Here are the baluster turnings that I made while demonstrating at the NWA showcase. I went into the show a bit out of practice, not having turned balusters for a chair in some time, but after doing it for a couple of days, I feel like I'm back in the swing of it. In talking to the folks watching, I got some idea of the troubles that are common to learning to turn balusters and am planning a series of videos to post.
One doesn't have to look far in my region to find all manner of farm construction, from elegant and thoughtful barns to the crudest of shelters and fixtures. I have to admit a love of the rougher fare. There's something about building things in the service of necessity that I find freeing. You'll find no dovetails here (the fellow who helped me load my truck at the NWA had a dovetailed flat cart!).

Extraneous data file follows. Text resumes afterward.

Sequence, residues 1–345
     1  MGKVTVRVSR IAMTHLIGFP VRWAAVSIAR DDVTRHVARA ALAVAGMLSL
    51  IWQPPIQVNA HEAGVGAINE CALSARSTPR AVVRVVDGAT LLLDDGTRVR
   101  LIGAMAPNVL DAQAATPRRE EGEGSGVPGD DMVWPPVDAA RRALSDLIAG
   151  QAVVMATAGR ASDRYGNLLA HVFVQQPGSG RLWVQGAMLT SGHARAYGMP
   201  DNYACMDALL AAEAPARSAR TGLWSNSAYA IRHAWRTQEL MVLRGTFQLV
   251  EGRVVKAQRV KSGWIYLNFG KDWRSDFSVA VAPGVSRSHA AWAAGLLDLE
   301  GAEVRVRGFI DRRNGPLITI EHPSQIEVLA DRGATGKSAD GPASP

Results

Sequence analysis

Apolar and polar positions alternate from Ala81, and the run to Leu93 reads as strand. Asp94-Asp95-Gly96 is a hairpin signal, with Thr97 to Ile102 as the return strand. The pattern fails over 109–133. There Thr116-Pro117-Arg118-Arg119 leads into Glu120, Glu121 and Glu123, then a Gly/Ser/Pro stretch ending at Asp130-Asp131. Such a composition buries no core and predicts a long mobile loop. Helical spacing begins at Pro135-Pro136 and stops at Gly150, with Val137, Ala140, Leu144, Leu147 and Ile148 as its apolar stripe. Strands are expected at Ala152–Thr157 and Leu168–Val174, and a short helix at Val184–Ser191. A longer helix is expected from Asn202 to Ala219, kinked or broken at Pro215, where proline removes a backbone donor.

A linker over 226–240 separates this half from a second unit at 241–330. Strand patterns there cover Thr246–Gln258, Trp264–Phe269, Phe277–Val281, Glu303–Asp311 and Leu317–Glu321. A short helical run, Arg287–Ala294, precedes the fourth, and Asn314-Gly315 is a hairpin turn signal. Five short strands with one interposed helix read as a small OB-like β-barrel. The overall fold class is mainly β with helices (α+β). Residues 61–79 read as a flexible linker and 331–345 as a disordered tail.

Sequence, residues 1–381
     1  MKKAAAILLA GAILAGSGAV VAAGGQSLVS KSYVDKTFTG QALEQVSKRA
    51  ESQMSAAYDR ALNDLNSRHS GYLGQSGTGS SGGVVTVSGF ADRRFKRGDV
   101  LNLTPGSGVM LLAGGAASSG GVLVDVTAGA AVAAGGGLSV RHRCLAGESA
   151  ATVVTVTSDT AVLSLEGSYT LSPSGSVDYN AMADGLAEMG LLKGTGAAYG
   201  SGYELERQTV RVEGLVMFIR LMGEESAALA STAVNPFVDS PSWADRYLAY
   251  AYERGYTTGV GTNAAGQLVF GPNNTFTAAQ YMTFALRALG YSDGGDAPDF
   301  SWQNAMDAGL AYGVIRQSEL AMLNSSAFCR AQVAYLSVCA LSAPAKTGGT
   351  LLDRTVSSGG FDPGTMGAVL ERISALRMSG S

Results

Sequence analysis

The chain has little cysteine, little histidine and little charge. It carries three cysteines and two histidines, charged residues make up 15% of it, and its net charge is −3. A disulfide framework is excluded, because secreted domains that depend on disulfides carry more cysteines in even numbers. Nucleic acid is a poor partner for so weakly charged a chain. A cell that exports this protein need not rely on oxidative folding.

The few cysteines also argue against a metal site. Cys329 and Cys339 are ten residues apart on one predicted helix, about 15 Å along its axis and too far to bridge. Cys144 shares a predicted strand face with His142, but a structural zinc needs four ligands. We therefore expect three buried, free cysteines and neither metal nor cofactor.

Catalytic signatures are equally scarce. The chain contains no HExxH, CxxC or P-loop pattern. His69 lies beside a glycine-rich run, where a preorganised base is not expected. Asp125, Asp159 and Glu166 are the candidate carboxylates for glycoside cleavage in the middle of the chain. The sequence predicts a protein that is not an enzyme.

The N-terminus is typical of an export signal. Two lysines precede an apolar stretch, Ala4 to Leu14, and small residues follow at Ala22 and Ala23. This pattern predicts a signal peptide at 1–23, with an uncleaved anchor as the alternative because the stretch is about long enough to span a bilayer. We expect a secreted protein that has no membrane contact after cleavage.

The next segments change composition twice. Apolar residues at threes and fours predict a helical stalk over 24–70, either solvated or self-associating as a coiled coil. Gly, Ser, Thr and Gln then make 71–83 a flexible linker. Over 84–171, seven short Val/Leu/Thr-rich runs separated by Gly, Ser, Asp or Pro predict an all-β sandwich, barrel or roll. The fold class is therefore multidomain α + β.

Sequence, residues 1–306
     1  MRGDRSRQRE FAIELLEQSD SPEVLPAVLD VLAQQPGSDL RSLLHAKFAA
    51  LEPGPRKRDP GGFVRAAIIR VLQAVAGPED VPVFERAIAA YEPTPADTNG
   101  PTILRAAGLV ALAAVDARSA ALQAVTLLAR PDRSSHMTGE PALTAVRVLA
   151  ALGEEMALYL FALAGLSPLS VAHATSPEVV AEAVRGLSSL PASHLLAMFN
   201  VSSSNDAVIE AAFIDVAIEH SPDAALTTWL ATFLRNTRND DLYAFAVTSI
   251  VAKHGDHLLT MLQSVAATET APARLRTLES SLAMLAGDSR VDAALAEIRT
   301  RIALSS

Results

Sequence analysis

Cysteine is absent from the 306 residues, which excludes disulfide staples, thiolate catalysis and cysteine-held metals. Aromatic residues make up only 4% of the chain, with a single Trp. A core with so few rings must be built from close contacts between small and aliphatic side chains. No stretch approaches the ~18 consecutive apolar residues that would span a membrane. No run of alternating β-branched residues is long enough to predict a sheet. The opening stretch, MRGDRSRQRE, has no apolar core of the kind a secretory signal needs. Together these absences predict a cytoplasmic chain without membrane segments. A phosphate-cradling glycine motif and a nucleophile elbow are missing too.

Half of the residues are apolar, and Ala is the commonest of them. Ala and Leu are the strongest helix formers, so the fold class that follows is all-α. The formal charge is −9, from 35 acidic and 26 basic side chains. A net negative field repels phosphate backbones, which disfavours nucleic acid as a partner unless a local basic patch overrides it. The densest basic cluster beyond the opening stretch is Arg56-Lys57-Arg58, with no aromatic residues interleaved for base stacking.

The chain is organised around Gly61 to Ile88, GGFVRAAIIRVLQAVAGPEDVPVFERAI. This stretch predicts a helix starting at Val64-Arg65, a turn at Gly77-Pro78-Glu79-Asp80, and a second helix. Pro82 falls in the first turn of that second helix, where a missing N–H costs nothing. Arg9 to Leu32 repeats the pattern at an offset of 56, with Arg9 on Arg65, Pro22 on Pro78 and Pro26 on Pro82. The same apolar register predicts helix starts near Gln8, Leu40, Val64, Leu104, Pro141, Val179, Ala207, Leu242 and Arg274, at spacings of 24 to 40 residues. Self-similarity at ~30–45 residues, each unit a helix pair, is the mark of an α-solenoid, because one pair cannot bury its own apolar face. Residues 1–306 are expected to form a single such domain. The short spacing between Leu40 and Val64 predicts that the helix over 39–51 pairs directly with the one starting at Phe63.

When a new project arises, I look to my various piles of wood leftovers. Today it was a hay crib. I saw a drawing of one in a book and cobbled together a rough fascimile. Of course, once it was built, the real learning began. I now know why they call young goats kids. No sooner was it in their reach than one goat was standing on top of it and the other jamming his head in and pulling it over. So back to the wood pile for some stabilizing boards. Once it was done, and showed itself to function and be relatively goatproof, I looked at it and fantasized about making an elegant one. Someday I will, but for now, I can revel having been there when necessity came calling.